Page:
First is the overall size of the platinum/palladium market. Like silver, the PGMs can be thought of as 'two-doors metals". That is they have industrial, as well as investment demand. A strong case can be made that both of these demand components have the potential to grow substantially going forward. If, compared to other investment vehicles like bonds, real estate, tech and bio stocks, the gold and silver markets (including mining shares) are small, the platinum market is tiny - and Palladium's is infinitesimal!

The world supply of platinum is about one-tenth that of gold; less than one-hundredth that of silver. (It's been stated that all the platinum ever mined would fit into an average American living room.) Whereas during the 1980s and '90s above ground inventories were largely in surplus, since 1996 net reduction has swung this picture into the deficit column.

Russia and South Africa alone account for around 86% of global platinum production - which has been declining for both since 2006. North America and Zimbabwe supply 4% each, with "Others' making up the remainder. As overall production struggles, recycling plays a key role in filling the gaps. Demand components: Auto industry (catalytic converters - generally for gas burning engines) 30%; Jewelry 28%; Industrial uses 35%; Investment c. 8%.

It's estimated there are over 5 billion ounces of above ground gold, compared to about 200 million ounces of platinum. Unlike gold, there are no large stockpiles. So while the metals in nature are equally rare, annual platinum mined equates to only a small fraction of that for gold. Indeed, for 2012, Johnson Matthey reported that platinum supply was approximately 8.5 Moz (mining 6.5 + recycling 2 .0 Moz respectively). For palladium, supply was about 7.4 Moz. In comparison, global gold production was around 2,500 metric tons or a bit over 80 million troy ounces.

For a number of applications, platinum is actually more favored by jewelers than gold. It is 10% more dense extremely durable and does not need to be 'enhanced' with other metals, as gold does, e.g. in the creation of 'white gold'. To express certain attributes in its fabrication, gold needs to be combined with palladium, nickel or rhodium.

Though platinum was only officially discovered in the 1700's (the Spaniards ran into it in the 1500's while mining for gold and silver in the New World), ancient indigenous South Americans used it in ceremonial jewelry. Still farther back in history, caskets in ancient Egypt have been found adorned with gold, silver - and platinum.

Not known to exist in Canada until 1888, it was discovered in Sudbury, Ontario, alongside copper and nickel deposits. Sometime thereafter, until the early 1950's Canada was actually the world's largest platinum producer, before being supplanted by South Africa.

Sprott's Thoughts points out just how complex and dangerous the mining of gold and PGMs in South Africa can be. Relatively thin ore seams slope downward and instead of a mechanized approach, must often be dug out by individual miners operating along cramped, narrow stopes. As Sprott's Andy Jackson notes:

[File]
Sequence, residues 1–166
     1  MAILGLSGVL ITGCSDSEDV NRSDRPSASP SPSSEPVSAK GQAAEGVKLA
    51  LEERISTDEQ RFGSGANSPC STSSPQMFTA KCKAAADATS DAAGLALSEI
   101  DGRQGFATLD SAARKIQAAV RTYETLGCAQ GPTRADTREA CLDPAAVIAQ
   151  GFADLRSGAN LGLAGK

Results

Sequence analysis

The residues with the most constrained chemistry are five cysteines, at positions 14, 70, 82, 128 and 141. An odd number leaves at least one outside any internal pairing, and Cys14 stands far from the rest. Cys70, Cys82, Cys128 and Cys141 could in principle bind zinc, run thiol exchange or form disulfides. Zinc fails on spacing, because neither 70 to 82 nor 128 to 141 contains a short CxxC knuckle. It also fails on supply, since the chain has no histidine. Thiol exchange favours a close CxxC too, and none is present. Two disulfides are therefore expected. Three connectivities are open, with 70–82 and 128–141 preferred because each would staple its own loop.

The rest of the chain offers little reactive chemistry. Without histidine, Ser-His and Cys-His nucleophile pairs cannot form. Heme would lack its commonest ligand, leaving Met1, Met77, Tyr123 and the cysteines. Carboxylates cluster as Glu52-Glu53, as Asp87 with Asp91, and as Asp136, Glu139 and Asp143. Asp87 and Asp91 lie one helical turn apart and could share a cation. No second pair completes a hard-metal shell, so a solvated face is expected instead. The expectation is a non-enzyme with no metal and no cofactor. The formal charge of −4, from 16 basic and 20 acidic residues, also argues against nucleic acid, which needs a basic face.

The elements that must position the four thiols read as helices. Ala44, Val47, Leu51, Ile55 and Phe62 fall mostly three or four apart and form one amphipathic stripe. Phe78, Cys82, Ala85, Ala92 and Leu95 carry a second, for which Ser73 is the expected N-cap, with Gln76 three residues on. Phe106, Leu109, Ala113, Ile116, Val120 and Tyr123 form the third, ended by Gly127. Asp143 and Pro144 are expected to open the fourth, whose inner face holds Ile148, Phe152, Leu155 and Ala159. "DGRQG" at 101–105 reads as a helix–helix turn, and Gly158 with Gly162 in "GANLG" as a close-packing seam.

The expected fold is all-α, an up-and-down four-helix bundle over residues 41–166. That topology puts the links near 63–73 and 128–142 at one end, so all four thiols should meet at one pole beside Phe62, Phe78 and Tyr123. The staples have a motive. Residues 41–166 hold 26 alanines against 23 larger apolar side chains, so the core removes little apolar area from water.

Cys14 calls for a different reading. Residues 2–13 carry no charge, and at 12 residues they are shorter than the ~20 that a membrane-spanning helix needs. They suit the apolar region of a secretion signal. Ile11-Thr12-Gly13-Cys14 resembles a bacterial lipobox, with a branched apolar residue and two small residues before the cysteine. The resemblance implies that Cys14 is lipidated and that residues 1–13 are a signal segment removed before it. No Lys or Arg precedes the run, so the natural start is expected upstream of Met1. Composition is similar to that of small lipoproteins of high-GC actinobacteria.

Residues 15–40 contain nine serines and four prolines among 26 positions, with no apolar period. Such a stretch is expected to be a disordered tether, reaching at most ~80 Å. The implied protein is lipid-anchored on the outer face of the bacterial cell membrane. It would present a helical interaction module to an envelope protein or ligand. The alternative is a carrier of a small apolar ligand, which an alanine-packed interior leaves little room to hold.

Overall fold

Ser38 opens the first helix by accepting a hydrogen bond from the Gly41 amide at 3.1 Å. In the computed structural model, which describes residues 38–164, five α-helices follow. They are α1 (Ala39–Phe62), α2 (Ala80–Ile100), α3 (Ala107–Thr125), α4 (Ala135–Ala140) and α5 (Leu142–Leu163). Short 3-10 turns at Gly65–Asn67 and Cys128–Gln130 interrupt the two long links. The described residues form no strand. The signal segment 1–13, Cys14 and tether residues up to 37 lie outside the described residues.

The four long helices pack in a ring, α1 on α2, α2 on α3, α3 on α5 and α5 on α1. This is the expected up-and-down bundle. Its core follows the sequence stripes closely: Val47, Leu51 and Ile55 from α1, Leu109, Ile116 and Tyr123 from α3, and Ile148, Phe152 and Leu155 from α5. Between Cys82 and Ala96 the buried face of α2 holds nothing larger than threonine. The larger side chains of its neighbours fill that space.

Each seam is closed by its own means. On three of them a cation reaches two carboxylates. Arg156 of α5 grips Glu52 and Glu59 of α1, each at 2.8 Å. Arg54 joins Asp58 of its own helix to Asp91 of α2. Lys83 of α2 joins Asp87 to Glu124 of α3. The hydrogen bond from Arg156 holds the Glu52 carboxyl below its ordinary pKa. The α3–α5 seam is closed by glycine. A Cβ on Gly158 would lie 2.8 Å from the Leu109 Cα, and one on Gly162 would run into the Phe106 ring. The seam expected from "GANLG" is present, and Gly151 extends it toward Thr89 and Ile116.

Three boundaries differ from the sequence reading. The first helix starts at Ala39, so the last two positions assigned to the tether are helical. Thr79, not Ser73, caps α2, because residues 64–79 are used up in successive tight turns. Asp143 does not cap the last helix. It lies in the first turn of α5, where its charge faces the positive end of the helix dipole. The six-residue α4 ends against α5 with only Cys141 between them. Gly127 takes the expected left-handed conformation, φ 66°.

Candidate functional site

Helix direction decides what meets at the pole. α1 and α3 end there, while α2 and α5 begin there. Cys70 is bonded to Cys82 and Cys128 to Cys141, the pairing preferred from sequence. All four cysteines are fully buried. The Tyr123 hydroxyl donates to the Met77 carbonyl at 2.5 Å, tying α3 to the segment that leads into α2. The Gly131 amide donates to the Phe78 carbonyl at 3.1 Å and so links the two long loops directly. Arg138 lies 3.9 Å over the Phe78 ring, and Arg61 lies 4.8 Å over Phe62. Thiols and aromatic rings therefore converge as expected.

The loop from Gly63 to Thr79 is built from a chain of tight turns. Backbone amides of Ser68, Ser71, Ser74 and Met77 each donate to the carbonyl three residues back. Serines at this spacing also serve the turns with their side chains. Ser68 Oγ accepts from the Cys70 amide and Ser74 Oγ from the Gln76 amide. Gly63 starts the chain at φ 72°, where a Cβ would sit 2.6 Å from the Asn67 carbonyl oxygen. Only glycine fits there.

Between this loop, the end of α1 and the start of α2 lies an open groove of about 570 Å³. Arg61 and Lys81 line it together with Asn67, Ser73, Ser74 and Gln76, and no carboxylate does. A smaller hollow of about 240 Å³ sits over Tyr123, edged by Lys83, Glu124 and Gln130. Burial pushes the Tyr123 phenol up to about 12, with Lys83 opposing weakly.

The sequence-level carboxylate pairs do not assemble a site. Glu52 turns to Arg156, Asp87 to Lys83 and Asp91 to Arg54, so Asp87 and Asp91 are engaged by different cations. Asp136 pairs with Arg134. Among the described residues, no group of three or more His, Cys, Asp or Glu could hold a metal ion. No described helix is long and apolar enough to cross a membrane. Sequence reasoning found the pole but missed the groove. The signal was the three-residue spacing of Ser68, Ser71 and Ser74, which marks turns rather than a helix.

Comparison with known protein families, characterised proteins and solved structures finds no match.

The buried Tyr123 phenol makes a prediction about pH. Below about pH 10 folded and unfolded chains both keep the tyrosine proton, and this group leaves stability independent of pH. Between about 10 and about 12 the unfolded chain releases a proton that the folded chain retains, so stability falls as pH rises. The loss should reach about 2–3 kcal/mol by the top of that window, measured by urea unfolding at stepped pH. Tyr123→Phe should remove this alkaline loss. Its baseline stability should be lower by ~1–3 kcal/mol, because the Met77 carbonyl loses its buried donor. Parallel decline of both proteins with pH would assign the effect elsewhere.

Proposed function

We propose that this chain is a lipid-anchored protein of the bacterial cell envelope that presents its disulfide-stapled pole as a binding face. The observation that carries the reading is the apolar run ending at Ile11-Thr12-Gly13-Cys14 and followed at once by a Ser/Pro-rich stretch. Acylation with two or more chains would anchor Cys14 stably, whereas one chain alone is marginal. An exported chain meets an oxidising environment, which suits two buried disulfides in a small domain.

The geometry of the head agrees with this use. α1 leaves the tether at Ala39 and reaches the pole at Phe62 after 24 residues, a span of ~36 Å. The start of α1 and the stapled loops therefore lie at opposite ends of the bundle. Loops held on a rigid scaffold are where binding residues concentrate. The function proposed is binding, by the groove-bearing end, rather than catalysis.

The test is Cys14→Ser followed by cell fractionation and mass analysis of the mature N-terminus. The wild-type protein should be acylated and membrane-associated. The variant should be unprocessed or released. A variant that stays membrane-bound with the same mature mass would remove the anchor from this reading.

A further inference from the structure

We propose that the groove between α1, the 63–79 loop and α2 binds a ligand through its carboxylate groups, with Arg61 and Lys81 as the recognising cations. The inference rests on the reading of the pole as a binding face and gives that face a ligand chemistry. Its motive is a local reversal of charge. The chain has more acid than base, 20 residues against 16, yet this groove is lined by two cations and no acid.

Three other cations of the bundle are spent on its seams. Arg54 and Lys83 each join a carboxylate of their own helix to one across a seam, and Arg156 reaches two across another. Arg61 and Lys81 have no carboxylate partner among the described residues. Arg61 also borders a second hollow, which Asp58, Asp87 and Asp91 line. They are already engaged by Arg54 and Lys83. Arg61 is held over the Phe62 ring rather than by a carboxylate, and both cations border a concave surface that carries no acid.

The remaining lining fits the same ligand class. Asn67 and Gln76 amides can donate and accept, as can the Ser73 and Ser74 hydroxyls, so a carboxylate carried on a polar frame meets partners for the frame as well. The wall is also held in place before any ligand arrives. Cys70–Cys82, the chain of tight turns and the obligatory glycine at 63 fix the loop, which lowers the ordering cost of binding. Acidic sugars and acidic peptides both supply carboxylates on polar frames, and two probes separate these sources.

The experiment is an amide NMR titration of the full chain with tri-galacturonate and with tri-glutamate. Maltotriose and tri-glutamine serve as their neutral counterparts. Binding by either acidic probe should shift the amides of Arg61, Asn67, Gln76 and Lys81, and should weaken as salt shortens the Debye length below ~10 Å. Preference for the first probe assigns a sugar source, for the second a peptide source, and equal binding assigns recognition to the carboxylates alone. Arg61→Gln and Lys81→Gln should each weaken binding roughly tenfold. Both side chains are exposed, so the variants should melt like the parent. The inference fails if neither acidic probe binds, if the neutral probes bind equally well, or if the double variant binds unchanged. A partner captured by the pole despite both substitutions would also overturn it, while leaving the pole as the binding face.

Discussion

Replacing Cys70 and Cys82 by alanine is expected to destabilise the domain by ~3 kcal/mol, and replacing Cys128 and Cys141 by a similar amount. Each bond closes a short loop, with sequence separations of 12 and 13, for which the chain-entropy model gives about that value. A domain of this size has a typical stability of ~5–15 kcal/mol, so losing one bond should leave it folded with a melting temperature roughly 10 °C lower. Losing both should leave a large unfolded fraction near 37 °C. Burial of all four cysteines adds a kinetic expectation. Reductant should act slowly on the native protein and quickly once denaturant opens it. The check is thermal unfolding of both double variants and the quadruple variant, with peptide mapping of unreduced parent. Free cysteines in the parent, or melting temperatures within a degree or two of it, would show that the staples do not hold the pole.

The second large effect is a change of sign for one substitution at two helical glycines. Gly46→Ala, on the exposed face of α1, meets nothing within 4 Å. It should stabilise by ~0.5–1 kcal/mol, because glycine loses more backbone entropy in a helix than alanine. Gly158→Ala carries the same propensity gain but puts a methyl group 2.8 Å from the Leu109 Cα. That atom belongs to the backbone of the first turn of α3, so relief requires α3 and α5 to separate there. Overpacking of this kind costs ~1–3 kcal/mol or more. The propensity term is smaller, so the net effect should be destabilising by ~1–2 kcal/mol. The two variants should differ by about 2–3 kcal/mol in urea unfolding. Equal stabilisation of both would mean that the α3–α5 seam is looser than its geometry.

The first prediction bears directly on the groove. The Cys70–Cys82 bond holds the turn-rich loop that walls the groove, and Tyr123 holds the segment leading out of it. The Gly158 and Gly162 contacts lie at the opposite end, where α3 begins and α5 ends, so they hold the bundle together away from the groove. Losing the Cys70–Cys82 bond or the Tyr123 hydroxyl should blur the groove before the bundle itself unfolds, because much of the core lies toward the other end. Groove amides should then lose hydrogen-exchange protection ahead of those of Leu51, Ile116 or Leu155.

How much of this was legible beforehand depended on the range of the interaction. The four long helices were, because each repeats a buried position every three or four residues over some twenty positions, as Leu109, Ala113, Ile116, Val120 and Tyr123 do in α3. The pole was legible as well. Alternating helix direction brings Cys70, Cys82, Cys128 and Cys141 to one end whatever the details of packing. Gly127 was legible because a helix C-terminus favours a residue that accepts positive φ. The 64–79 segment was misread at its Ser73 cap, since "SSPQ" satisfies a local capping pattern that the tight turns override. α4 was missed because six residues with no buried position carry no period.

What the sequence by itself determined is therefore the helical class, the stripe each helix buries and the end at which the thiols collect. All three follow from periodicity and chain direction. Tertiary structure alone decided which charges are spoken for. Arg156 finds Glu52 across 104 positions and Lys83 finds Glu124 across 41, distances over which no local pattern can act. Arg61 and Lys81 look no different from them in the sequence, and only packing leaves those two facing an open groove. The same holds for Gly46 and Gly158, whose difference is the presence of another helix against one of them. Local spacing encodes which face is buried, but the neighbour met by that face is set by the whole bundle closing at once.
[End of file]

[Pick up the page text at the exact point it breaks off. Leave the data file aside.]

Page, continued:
"It's a really nasty job for the guys in the mines. It's hot and it's cramped. It's also dangerous - there are rock falls and 'rock bursts' simply because of the pressure. All kinds of things can go wrong at that depth."

Typical Reef Mining in South Africa

Typical Reef Mining in South Africa Courtesy Ivanhoe Mines

Palladium - an even more compelling narrative

Now consider that palladium is 15 times rarer than platinum. Often found as a byproduct of platinum, around 68% of its annual supply is used in the automotive industry in catalytic converters (preferred for diesel engines). An additional 4% goes into jewelry, 7- 8% for dental, 14 % for electrical and 8% to "Other".

40% of the world's palladium supply comes from a single location in Russia (Norilsk), though several North American mines produce it as well. Platinum and palladium are so critical in many industrial uses that Japan has designated PGMs to be one of the most important metal categories in its national resource acquisition policy.

Stillwater Mining Chart

Stillwater Mining Chart

Palladium-containing components are used in an array of electronic devices. It is utilized in a new type of composite metallic glass, called "DH3", under development by the California Institute of Technology. Benefiting from palladium's "high bulk to shear ratio" it is reputed to be as tough as steel. It is a component in some fuel cells, and is in demand from the healthcare industry in dentistry and medicine. A process using palladium nanoparticles has been developed, enabling synthesized drug delivery to precise locations inside the human body.

This brief discussion would not be complete in my view, if we did not examine what happened to the palladium market in the early 2000's. We had clear evidence of an industrial driven demand taking the price sky high in "panic" buying.

At the time, Ford Motor Company and others were moving from platinum to using the less expensive palladium in catalytic converters, in order to save money. This PHYSICAL demand by Ford drove the palladium price to approximately $1100 per ounce! Furthermore CLEAR EVIDENCE of how the paper and the physical price were able to separate greatly.